top of page

What World War III AH truly is:

By Colin Salt

Probable Axes of Attack of Warsaw Pact. Taken from Graham H. Turbiville, "Invasion in Europe--A Scenario," Army, November 1976, p. 19.

Having the chance to read a massive number of books, particularly after my initial writings, can cue one in on literary trends. It did not take me long to find out that there were a lot fewer conventional World War III books than I thought there were. I’d reckon only in the low dozens even counting self-published and long series books, and only four truly high-profile ones: Hackett’s Third World War, Red Storm Rising, Team Yankee, and Red Army.

Yet the number of alternate history World War IIIs that are mostly conventional and take place after the Vietnam War is smaller still. This may seem like an arbitrary and oddly strict category, but I truly thought there were far more of them in that exact category than there actually were. The reasons were because of my then-narrow experience in wargaming (where there is a lot of material set in a past 1980s WW3), and seeing the World War III books that did exist first. For instance, I read Red Storm Rising long before I read some of the big-name action hero thrillers.

I categorized them by series and not individual books to ensure that the already-small sample wasn’t skewed by one or two big series. I got only ten.

-Harvey Black's "Effect" series

-William Stroock's World War 1990 series

-The Bear's Claws by Russell Phillips

-Northern Fury H Hour

-John Agnew's Operation Zhukov

-Brad Smith's World War III 1985

-Martin Archer's War Breaks Out

-James Burke's The Weekend Warriors

-John Schettler's Kirov series

-Mark Walker's Dark War series

There are almost certainly more, but there aren’t much more. And this becomes even smaller still when the two most out-there series are removed. Dark War is outright supernatural horror, and even the most mundane arc in the Kirov series is launched by a time traveler who misinterpreted a future vision. Furthermore, it’s worth noting that all are niche works. None are by a big-name publisher and/or author like Harry Turtledove.

This is not the case for just-after World War II WW3s, and Harry Turtledove even made a series based on an escalated Korean War turned World War III. Yet the absolute latest work by a mainstream-AH author I found was Robert Conroy’s Castro’s Bomb, set not long after the Cuban Missile Crisis. And I’ve one example of the exact opposite happening. For Walt Gragg’s The Red Line, a mostly conventional WW3 story, it was clearly originally set in (and written in) the Cold War, yet to make it “contemporary” and appeal to a modern audience, a weird backstory had to be created to shift the borders back to their 1989 spots in the present.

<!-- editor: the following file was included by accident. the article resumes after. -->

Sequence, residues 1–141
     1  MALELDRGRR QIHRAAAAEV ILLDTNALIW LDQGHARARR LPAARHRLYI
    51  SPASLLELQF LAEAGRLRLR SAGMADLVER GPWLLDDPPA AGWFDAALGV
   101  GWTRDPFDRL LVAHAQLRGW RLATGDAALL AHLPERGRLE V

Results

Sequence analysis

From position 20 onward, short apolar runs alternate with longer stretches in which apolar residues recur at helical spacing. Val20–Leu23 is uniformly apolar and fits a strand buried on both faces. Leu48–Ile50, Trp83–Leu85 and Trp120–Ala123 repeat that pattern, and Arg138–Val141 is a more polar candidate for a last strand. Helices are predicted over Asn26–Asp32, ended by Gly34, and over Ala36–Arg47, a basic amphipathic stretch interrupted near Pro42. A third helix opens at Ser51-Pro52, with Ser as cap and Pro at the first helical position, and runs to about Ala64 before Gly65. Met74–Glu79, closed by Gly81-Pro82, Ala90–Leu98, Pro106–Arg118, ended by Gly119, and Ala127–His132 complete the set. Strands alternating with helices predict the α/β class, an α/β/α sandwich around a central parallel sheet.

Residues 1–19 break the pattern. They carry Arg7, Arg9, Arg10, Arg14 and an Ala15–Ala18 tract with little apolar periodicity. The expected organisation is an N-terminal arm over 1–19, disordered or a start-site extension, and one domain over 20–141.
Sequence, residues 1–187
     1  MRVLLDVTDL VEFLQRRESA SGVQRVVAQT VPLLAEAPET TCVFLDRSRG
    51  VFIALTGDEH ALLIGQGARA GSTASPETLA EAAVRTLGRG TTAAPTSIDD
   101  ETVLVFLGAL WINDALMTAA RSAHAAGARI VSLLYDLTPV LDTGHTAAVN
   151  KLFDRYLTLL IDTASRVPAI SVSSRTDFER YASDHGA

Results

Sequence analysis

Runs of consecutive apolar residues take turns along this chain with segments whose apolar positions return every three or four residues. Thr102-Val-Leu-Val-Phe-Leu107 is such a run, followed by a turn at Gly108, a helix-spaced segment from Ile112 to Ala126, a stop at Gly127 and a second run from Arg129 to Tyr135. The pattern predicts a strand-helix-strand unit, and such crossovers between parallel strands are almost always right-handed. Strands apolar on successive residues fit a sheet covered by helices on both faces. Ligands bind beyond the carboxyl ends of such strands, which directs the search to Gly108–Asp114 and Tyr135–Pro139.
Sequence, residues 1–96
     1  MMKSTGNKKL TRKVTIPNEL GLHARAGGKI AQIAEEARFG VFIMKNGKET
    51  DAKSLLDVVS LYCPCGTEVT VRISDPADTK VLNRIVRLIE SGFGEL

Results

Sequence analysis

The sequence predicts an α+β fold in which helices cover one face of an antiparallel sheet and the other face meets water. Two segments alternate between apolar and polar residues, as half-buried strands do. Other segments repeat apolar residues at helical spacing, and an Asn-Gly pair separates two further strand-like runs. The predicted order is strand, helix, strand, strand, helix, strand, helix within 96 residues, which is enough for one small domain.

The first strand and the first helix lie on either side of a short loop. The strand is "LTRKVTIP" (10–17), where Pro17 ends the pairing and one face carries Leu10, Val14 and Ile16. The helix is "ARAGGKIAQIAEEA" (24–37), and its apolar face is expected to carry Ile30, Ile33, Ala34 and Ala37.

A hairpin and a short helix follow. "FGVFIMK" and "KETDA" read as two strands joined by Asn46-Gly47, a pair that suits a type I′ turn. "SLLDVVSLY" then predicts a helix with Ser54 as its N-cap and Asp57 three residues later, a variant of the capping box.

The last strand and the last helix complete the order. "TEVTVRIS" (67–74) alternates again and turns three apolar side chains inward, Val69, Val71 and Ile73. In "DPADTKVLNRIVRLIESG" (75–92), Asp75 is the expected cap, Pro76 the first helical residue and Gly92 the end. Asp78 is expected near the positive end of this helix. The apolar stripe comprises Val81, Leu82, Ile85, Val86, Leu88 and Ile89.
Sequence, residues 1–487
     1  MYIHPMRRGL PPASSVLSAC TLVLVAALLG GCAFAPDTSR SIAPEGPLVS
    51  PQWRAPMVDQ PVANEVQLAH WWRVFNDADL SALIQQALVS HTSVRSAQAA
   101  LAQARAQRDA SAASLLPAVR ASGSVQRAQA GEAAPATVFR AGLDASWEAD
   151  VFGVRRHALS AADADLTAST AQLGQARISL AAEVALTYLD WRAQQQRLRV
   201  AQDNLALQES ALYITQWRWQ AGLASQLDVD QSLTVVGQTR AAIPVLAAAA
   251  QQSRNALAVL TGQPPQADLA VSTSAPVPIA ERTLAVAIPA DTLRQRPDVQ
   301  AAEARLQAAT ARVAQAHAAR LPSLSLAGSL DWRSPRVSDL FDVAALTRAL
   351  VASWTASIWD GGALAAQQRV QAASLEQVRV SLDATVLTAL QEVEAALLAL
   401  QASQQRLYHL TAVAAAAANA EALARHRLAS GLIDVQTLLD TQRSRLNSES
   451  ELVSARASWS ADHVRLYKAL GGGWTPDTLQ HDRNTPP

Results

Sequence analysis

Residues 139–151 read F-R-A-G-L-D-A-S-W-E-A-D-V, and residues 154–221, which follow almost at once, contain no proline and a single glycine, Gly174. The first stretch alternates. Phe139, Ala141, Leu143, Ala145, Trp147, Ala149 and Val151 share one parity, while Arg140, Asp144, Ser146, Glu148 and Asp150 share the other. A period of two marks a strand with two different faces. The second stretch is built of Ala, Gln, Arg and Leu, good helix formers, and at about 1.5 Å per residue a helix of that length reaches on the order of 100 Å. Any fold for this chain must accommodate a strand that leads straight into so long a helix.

Yet this does make sense. After all, Tom Clancy and Larry Bond did not write the story of a Cold War gone conventionally hot in 1956 or 1970. They set them in their own time. For whatever reason, a date-accurate Red Storm Rising remake simply isn’t a hot AH property the way, say, the obvious and often-done Axis/Confederate victories are.

_ _ _

The next point is that in the World War III novels that do exist, there is a dominant trend in the use of nuclear weapons. Chieftains ends in a nuclear apocalypse. Arc Light has a bizarre “there was a full nuclear exchange, but it was mostly counterforce [against other nuclear weapon sites] and it wasn’t that bad, and then there was a conventional war”. The Kirov series has had two of the four-and-counting World War IIIs in its pages end in a nuclear catastrophe (before the timeline gets overwritten, at least). On the other end, in a survey, I found only four books where the war stayed completely conventional from start to finish. It’s just that two of those novels were Red Army and Red Storm Rising.

Occurring more often than those extremes were the limited use of nuclear weapons, starting with Hackett’s infamous Birmingham-Minsk “trade”. From Larry Bond’s Cauldron (serious) to James Rouch’s The Zone (pulpy), it’s used frequently. If I had to give a theorized reason for the appeal of this plot device, I’d say it’s a way to get the drama of them in the books without having to turn the series into a post-apocalyptic one the author doesn’t want to write.

So, there you have it. It’s been sort of bittersweet to finally see the “conventional World War III” subgenre, especially the “alternate history conventional World War III” subgenre clearly and fully. To see how well, small it was. Yet it’s also interesting.


Discuss this Article


Colin Salt reviews other genres at his blog: Fuldapocalypse Fiction and has written The Smithtown Unit and its sequel for Sea Lion Press

bottom of page